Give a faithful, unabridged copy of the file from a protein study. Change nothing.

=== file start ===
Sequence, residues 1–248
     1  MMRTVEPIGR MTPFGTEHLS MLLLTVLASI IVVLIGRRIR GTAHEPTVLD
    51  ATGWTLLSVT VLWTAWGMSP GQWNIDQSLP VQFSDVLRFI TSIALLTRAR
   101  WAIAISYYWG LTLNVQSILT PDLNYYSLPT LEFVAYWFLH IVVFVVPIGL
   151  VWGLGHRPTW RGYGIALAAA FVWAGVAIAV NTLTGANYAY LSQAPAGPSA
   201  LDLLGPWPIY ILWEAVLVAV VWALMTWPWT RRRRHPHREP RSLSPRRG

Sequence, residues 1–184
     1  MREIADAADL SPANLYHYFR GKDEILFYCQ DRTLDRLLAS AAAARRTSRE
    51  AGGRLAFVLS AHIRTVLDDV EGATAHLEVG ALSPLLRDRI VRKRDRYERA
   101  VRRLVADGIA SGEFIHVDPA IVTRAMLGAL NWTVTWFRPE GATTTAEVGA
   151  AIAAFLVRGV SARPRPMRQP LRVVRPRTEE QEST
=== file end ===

Sequence, residues 1–248
     1  MMRTVEPIGR MTPFGTEHLS MLLLTVLASI IVVLIGRRIR GTAHEPTVLD
    51  ATGWTLLSVT VLWTAWGMSP GQWNIDQSLP VQFSDVLRFI TSIALLTRAR
   101  WAIAISYYWG LTLNVQSILT PDLNYYSLPT LEFVAYWFLH IVVFVVPIGL
   151  VWGLGHRPTW RGYGIALAAA FVWAGVAIAV NTLTGANYAY LSQAPAGPSA
   201  LDLLGPWPIY ILWEAVLVAV VWALMTWPWT RRRRHPHREP RSLSPRRG

Sequence, residues 1–184
     1  MREIADAADL SPANLYHYFR GKDEILFYCQ DRTLDRLLAS AAAARRTSRE
    51  AGGRLAFVLS AHIRTVLDDV EGATAHLEVG ALSPLLRDRI VRKRDRYERA
   101  VRRLVADGIA SGEFIHVDPA IVTRAMLGAL NWTVTWFRPE GATTTAEVGA
   151  AIAAFLVRGV SARPRPMRQP LRVVRPRTEE QEST